5 Things to Consider Before Purchasing an Industrial Storage Tank

Depending on the purpose, industrial storage tanks must satisfy regulations across industry-specific standards and health and safety. So, to ensure you make the right investment, make sure you consider these five crucial points.

The global storage tank market is continuing to boom, with it expected to grow from $6.43 billion to 8.85 billion by 2030. This incredible rise in popularity largely boils down to three factors:

  • Climate issues reducing drinking water reserves
  • An increasing number of industrial plants producing chemicals
  • Deepwater reserve opportunities

Versatile by nature, storage tanks mostly carry liquids, compressed gases and other substances/objects of varying consistencies and temperatures.

However, with multiple variations available on the market and the latest technological advances to consider, choosing the correct industrial storage tank for your business can be a real challenge.

To shed some light on the topic, we’ve written a handy step-by-step guide.

5 Crucial Factors to Consider When Purchasing an Industrial Storage Tank

  1. Intentions

It’s obvious in reading this that you already have a clear intention for your storage tank in mind. But the purpose of your industrial tank leads to other crucial considerations, such as the regulations, materials and logistics.

For example, if your industrial storage tank is supposed to store drinking water, you must abide by health and safety regulations to ensure the water is safe to drink. This process includes the material, the lining, and the overall structure and design of the tank.

You also need to consider another regulation if your tank contains over 1,000 litres. It must be:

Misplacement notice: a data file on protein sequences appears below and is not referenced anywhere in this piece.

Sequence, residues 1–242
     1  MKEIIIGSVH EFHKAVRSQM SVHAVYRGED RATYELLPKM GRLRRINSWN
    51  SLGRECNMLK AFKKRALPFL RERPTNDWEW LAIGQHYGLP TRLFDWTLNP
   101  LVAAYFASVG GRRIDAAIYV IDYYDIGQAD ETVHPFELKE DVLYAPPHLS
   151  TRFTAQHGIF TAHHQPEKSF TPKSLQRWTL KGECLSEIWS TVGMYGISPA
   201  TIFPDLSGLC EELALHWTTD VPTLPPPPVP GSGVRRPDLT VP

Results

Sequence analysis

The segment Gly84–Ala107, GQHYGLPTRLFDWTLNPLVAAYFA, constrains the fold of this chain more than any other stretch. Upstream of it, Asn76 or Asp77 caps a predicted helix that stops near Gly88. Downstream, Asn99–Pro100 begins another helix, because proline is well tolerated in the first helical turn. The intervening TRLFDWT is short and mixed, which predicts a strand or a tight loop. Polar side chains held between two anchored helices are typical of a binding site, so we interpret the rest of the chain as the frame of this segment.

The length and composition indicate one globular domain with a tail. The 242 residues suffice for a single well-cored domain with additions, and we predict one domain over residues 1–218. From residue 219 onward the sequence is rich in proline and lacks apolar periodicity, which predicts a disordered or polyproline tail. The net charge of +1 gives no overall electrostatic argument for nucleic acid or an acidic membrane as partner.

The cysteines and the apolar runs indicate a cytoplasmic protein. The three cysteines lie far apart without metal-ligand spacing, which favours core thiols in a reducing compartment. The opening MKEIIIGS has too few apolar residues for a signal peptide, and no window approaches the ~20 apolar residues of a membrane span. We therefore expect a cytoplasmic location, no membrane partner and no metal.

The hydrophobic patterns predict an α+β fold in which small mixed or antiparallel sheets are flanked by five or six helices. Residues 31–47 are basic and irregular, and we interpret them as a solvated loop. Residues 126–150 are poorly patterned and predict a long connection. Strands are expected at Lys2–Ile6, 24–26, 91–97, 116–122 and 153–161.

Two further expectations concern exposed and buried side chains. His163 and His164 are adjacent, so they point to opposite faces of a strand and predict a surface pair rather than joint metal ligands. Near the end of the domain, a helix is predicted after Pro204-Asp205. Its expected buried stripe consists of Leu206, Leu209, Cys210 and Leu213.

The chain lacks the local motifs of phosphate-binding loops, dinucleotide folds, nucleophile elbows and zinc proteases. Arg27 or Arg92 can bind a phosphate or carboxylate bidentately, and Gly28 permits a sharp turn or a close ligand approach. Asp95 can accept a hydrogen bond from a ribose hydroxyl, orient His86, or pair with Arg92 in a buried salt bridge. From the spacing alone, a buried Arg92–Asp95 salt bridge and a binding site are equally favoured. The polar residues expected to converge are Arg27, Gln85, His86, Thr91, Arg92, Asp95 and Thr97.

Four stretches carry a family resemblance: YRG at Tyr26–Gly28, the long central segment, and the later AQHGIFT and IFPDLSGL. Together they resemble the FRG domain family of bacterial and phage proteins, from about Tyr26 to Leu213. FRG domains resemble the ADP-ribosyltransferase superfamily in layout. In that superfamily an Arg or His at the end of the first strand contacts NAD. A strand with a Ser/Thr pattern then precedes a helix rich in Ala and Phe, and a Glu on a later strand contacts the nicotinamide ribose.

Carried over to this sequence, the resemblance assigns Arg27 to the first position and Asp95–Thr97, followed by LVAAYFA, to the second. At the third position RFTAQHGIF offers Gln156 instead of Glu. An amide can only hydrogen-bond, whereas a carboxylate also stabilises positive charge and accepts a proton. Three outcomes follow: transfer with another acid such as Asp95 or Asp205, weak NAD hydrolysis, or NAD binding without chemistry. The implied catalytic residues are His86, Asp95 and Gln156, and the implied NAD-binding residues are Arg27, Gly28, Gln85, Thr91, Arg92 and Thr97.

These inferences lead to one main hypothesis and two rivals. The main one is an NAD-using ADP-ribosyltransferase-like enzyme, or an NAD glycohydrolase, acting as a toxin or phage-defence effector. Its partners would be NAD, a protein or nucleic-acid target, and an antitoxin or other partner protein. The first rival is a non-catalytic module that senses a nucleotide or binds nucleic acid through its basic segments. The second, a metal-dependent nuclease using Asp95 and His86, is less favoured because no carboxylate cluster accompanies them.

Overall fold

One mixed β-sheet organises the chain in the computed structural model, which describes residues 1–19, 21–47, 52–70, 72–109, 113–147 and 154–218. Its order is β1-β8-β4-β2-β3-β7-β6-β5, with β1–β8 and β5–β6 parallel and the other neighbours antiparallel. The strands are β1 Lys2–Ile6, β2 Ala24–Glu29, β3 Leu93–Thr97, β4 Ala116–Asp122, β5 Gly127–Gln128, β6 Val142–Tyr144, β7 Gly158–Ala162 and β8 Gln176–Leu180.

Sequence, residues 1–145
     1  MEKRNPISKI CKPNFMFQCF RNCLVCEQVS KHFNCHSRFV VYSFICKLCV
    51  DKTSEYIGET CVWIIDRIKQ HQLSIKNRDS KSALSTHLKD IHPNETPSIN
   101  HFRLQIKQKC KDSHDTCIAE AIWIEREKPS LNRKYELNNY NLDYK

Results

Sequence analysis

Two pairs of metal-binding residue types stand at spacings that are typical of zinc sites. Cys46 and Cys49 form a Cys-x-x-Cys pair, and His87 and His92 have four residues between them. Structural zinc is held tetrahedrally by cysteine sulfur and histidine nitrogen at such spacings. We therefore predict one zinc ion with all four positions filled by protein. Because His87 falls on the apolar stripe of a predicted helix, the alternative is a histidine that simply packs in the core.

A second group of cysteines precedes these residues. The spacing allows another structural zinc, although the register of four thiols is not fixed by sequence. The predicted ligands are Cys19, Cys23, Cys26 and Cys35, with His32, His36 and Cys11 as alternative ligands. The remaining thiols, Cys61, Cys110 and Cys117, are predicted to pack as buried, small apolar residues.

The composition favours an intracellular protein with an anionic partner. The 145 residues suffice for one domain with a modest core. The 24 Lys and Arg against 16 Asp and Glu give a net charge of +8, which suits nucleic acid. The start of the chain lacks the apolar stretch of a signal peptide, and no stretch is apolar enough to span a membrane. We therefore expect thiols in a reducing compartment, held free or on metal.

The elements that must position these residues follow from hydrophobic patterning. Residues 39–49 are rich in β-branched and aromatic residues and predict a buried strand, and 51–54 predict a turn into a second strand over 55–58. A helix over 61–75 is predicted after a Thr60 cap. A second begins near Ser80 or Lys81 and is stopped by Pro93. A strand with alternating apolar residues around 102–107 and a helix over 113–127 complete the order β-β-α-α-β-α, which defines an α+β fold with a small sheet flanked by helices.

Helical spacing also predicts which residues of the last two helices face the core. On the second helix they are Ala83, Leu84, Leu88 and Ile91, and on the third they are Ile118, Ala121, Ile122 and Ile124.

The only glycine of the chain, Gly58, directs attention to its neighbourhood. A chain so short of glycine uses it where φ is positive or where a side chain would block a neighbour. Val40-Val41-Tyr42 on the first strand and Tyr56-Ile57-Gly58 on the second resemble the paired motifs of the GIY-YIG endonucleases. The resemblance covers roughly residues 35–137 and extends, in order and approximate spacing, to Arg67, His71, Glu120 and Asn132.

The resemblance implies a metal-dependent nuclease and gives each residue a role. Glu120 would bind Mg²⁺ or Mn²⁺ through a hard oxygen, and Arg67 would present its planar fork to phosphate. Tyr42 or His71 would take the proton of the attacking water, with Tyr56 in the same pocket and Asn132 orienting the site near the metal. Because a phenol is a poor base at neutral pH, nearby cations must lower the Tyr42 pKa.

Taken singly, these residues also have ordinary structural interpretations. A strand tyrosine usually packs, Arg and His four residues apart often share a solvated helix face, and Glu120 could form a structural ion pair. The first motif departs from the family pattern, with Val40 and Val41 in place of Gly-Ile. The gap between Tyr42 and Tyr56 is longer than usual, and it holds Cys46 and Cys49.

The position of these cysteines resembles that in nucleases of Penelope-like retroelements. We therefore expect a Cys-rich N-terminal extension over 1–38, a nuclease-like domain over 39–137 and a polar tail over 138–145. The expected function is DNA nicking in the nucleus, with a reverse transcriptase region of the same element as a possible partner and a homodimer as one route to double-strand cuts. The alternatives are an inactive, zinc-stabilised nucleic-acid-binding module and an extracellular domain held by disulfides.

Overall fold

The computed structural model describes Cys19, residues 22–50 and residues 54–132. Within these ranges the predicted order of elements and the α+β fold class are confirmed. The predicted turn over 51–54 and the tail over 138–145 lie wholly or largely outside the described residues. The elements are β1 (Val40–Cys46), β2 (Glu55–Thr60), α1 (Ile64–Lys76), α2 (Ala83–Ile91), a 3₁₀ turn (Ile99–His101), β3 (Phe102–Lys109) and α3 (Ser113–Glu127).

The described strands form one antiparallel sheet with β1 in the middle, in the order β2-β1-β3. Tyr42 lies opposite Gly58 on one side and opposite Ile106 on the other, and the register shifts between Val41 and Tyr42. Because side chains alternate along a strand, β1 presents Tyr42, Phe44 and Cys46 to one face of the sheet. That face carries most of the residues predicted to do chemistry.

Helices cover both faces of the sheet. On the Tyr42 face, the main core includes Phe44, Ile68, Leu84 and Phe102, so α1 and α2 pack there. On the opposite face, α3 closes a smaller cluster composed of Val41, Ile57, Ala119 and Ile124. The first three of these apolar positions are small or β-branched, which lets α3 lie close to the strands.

• Capable of inspections
  • Cleaned without completely uncovering it
  • Not made from metallic materials

In the 1999 Water Supply Regulations, water storage systems must be watertight and made from impermeable materials to avoid contamination and bacteria growth, with vents and overflow connections applied. 

And this is just water. Commercial oil storage has regulations for businesses to oblige alongside compressed gas storage

Therefore, relating your intentions for the tank with the relevant regulations is an essential first step.

  1. Material

As we’ve seen from the previous point, specific storage requires specific materials, as water requires non-metallic materials that may eventually rust. On the other hand, oil storage tanks get built from metallic materials such as carbon steel and stainless steel.

Your oil storage container should be durable and resistant to corrosion from crude oil or petroleum-based substances. Underground tanks can be made from fibreglass, a versatile material resistant to underground corrosion, while above-ground storage tanks get made from steel and concrete.

Most water tanks get made from polyethene, with some stainless-steel variations also available. So, each intention has a specific suitable material for its purpose.